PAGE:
Cluster buster: 2,000 clusters is too many, says Commission

22 Oct 2008 | News
Europe’s high-tech clusters are failing to reach their full potential. We need encourage more cooperation, says the Commission.

Unless they straddle international borders, you'd think clusters like the IT cluster around Cambridge University, the automotive cluster around the Daimler Chrysler's factories in Stuttgart and the mobile technologies cluster around Nokia labs in Oulu in Finland, would fall outside the remit of the European Commission. After all, they are defined by their specific locations, which almost always is within a region of one country of another.

Making clusters happen

This summer, the Science|Business Innovation Board, a blue-ribbon panel of leaders in industry, academia and policy, published its own views of cluster policy in the Financial Times, El Pais, La Tribune, De Standaard and other European newspapers. Its message: Focus resources on centres of excellence, and create innovation zones around those centres to get special incentives for cluster development. Read the Board’s views here: Making clusters happen.

Think again. After consulting widely among firms and researchers over the summer, the European Commission said last week that the estimated 2,000 clusters dotted around the 27 member states in the EU are failing to realise their full potential and it recommends ways for them to do so.

An imperfect single European market and the absence of strong links between industry and the research community are the main problems. They prevent most clusters in the EU from attaining the critical mass needed to compete globally, the Commission said.

“We need more world-class clusters in the EU. Clusters play a vital role in the much needed innovation of our businesses,” said Commission vice president Gunter Verheugen, suggesting that policy efforts should focus more on creating “openness for cooperation” between clusters in different parts of the EU.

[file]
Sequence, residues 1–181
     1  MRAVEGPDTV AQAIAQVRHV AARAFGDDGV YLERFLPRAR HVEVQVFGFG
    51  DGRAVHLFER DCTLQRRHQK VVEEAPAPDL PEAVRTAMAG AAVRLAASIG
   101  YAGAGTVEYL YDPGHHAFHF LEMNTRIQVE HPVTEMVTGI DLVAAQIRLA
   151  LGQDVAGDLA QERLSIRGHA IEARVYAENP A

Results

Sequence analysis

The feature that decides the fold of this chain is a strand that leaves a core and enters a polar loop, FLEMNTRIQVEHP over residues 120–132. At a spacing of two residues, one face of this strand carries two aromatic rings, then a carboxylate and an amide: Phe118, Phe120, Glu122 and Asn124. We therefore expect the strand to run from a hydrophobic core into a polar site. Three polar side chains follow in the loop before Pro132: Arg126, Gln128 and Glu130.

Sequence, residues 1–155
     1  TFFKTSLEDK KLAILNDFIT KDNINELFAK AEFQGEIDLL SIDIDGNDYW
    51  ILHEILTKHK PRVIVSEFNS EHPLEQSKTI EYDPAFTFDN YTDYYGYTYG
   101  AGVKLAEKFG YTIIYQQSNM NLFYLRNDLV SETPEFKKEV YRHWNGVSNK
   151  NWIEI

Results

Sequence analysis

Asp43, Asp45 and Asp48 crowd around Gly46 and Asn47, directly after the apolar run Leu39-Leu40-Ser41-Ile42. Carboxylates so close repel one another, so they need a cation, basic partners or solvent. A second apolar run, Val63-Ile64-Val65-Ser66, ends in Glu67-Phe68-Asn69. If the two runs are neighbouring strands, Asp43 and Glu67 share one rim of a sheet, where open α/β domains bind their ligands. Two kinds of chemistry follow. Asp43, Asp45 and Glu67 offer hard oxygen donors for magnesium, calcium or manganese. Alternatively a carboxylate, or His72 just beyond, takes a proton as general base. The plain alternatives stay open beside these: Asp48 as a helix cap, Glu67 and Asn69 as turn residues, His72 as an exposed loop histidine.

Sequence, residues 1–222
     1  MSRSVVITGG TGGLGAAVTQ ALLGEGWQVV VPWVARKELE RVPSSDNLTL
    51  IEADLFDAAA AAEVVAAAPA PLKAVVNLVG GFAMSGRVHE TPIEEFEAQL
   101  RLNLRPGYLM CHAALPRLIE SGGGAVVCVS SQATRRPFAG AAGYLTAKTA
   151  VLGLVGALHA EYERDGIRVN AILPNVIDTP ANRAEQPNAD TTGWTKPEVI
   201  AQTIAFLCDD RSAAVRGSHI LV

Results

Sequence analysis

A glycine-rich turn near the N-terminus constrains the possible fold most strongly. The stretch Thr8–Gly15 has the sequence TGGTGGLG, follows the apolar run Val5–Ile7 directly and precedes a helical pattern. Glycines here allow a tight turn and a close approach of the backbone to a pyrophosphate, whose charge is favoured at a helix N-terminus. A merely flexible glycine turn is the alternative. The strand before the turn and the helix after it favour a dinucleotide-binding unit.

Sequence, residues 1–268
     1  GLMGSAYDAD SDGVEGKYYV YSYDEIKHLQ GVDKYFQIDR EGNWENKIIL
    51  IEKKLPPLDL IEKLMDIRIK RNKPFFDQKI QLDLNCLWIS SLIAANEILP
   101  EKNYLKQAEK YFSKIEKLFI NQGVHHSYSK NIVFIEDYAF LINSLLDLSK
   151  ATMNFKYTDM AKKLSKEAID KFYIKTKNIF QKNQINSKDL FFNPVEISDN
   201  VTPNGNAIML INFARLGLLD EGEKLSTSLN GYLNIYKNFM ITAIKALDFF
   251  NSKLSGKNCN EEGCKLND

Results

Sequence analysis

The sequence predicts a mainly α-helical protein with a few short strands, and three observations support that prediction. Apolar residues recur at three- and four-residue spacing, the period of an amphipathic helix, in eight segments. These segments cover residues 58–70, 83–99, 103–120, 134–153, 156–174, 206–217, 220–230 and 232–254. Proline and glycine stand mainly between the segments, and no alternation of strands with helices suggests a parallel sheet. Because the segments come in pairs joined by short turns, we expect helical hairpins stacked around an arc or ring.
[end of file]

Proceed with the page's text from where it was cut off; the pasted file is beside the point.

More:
Failure to cooperate across national borders has resulted in an “unnecessary proliferation of cluster initiatives”, instead of a more coordinated fostering of regional specialisations, the Commission's study found.

Verheugen said he respects the competitive, market-driven nature of clusters. But the policy line the Commission has taken doesn't support this, said Rufus Pollock, an economist at Cambridge University.

The economic benefits of geographical proximity are well documented, and result in a natural process of clustering of research institutes, firms and a skilled labour force, he said.

“Silicon Valley, the most famous cluster of them all, may have benefited from defence department orders in the wake of World War II but its massive expansion over the past two decades wasn't planned,” he said in a telephone interview, adding, “I can't see why the Commission is interfering in this area. Its time would be better spent helping to boost basic research and broader levels of education in the EU, and leaving it up to businesses to find the economic rationale for choosing their location.”

The lack of cooperation between clusters around the EU is mainly due to a lack of trust and conflicts of interest between potential or actual competitors, the Commission’s study found.

To combat this, the Commission proposes creating a service to clusters and innovative enterprises for, “fostering transnational cooperation by developing partnerships across the EU.”

It also wants to set up a European Cluster Policy Group to explore how best to assist Member State governments in supporting the emergence of world-class clusters.

And it proposes launching training programmes and creating platforms to foster cooperation among cluster managers from around the EU. “This smacks of public sector innovation planning of the worst kind,” said Pollock.

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